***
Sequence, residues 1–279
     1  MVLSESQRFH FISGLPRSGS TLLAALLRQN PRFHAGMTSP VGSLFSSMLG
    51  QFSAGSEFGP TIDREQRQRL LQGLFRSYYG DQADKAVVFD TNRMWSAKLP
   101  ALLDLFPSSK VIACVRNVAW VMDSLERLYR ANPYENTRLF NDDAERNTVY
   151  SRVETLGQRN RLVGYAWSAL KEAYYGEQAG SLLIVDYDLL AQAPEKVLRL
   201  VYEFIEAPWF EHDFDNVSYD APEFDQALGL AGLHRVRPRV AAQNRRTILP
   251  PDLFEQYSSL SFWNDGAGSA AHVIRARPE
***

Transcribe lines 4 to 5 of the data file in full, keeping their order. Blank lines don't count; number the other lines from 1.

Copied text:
   101  ALLDLFPSSK VIACVRNVAW VMDSLERLYR ANPYENTRLF NDDAERNTVY
   151  SRVETLGQRN RLVGYAWSAL KEAYYGEQAG SLLIVDYDLL AQAPEKVLRL